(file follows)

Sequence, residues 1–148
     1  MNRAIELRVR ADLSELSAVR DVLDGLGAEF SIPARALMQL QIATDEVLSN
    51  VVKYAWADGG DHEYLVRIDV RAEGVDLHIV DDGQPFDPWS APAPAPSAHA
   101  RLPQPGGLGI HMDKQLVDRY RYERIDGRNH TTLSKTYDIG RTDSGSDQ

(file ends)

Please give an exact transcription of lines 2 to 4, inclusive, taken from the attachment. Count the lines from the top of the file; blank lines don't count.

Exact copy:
     1  MNRAIELRVR ADLSELSAVR DVLDGLGAEF SIPARALMQL QIATDEVLSN
    51  VVKYAWADGG DHEYLVRIDV RAEGVDLHIV DDGQPFDPWS APAPAPSAHA
   101  RLPQPGGLGI HMDKQLVDRY RYERIDGRNH TTLSKTYDIG RTDSGSDQ